By Richard Sudek

Second of two parts

In the last article I described the terms, process, and different presentations entrepreneurs should have ready to raise money. This article will focus on what to include in the pitch, what angel investors look for in an investment, and how to handle the question-and-answer portion of a pitch. Pitching to investors can raise anxiety because many entrepreneurs think it is their only shot. Think of a pitch as an important opening conversation. If you make a big mistake, such as being arrogant or rude, or have a terrible presentation, it might be your only shot. Often, angel groups will let an entrepreneur pitch a second time after 6-18 months if they have met milestones and shown improvement on traction or the business model.

Let’s start with who should do the presentation. Typically, the chief executive and founder should present. However, it is often wise to bring key members of your management team, such as your CFO, technical person or marketing person. If you are technical, then bring the complementary people. Maybe your marketing person is more polished as a presenter, but he or she is not a founder. A good presentation by the founder is often more effective than a great presentation from the marketing person who is not a founder.

Investors want to see the CEO present. Although you don’t want too many people presenting, it is not a problem if a total of two or at most three present if they have different domain expertise and responsibility. Therefore, the CFO presenting the financials is fine. However, a good CEO should still know the main numbers, such as cost of product, gross profit, revenue and cash flow. Investors want to know the CEO can present to customers in a reasonable fashion. It is important to understand that investors look for passion, leadership, and being genuine. Thus, the most polished presentation without being completely genuine is not your best bet. Sometimes, an entrepreneur will bring in a professional CEO who may not convey the passion as much as the founder. Both my research and my experience in watching over 1,000 screenings say that passion is very important.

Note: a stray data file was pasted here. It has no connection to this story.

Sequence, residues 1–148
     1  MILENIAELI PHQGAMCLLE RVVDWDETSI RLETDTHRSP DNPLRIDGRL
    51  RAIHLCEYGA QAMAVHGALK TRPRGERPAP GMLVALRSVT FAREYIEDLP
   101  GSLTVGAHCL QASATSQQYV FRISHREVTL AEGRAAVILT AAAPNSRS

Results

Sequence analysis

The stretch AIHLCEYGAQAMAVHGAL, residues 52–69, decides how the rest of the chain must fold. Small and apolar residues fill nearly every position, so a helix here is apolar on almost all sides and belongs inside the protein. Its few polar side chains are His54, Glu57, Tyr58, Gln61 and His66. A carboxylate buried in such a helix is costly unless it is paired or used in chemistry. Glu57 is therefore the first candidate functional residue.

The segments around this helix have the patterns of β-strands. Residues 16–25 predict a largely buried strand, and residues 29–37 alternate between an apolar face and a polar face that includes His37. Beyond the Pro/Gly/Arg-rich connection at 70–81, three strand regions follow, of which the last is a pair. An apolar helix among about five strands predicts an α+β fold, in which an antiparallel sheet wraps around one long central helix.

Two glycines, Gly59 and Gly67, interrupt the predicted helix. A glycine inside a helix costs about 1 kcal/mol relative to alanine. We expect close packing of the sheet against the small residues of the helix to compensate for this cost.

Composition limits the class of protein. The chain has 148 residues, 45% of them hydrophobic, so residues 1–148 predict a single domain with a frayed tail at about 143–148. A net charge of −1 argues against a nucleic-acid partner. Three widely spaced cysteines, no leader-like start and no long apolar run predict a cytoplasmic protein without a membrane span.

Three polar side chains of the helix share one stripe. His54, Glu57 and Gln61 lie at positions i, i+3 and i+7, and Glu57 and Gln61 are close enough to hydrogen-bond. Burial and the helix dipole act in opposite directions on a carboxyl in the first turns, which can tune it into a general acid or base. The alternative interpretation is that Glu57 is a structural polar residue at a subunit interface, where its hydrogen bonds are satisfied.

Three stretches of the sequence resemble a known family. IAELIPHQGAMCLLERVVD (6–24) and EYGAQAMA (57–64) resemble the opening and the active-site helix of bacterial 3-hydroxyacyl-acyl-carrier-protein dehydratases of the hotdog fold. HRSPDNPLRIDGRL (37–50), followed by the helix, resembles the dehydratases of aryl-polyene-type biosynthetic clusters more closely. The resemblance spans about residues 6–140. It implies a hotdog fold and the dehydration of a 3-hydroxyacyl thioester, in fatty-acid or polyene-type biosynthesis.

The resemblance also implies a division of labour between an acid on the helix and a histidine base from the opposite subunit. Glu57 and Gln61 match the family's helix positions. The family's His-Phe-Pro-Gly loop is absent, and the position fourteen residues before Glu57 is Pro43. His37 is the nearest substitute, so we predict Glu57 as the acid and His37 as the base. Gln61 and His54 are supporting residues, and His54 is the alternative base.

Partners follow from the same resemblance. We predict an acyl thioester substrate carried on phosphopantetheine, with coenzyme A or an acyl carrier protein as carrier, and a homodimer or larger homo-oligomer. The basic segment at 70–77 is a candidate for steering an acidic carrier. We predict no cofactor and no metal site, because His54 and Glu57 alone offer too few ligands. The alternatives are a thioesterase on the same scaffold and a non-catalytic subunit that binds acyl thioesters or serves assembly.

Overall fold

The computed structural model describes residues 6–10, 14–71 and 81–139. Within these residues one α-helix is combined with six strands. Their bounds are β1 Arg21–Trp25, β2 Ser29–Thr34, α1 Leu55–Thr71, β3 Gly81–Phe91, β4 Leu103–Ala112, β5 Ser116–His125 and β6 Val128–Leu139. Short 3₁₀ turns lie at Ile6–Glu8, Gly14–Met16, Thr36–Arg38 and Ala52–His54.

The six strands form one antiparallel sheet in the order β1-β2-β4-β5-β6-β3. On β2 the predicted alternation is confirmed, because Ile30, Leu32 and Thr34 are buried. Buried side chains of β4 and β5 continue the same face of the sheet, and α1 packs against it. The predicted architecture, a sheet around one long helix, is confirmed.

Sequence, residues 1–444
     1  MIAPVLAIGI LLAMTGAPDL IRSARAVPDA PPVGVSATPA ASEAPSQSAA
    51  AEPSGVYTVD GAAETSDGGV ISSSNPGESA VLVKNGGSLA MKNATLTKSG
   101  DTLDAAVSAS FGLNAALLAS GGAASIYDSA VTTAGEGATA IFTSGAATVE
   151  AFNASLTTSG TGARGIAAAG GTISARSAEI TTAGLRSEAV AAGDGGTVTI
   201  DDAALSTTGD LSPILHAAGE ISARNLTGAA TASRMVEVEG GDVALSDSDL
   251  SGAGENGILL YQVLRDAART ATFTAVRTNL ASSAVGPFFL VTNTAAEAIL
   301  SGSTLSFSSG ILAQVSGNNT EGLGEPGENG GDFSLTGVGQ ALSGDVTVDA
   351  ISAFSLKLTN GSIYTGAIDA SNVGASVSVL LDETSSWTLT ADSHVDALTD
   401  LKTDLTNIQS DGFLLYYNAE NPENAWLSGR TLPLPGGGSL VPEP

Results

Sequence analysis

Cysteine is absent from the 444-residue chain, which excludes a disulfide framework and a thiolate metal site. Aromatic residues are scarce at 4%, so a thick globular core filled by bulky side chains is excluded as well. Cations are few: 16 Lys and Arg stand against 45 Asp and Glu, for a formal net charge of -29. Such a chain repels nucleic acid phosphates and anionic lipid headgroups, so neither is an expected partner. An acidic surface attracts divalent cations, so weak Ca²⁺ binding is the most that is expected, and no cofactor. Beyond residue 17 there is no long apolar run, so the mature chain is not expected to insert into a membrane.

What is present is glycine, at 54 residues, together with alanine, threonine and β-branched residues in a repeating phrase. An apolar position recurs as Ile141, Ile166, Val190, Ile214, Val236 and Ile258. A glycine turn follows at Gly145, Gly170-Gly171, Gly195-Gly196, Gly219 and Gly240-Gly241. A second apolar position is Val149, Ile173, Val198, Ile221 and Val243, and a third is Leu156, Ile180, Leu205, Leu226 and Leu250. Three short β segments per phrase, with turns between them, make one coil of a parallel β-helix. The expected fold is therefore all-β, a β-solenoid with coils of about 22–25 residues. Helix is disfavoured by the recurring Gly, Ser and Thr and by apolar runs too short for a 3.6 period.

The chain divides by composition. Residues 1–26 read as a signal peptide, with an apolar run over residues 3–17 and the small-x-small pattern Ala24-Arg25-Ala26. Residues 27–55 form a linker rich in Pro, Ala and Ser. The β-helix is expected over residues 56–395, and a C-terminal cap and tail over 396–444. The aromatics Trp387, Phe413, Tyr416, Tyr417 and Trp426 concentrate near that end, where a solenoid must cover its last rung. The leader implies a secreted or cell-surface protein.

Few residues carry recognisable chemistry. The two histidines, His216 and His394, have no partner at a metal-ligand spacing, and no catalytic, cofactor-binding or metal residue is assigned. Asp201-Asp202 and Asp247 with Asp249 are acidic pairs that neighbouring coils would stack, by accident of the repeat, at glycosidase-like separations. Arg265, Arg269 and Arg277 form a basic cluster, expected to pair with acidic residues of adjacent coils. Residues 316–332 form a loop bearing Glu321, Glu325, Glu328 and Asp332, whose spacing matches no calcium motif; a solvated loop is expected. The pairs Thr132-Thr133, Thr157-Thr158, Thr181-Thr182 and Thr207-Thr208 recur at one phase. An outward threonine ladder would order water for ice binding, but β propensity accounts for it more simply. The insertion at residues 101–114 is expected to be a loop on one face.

Often, an entrepreneur has 12-15…

Read the complete article at the OC Register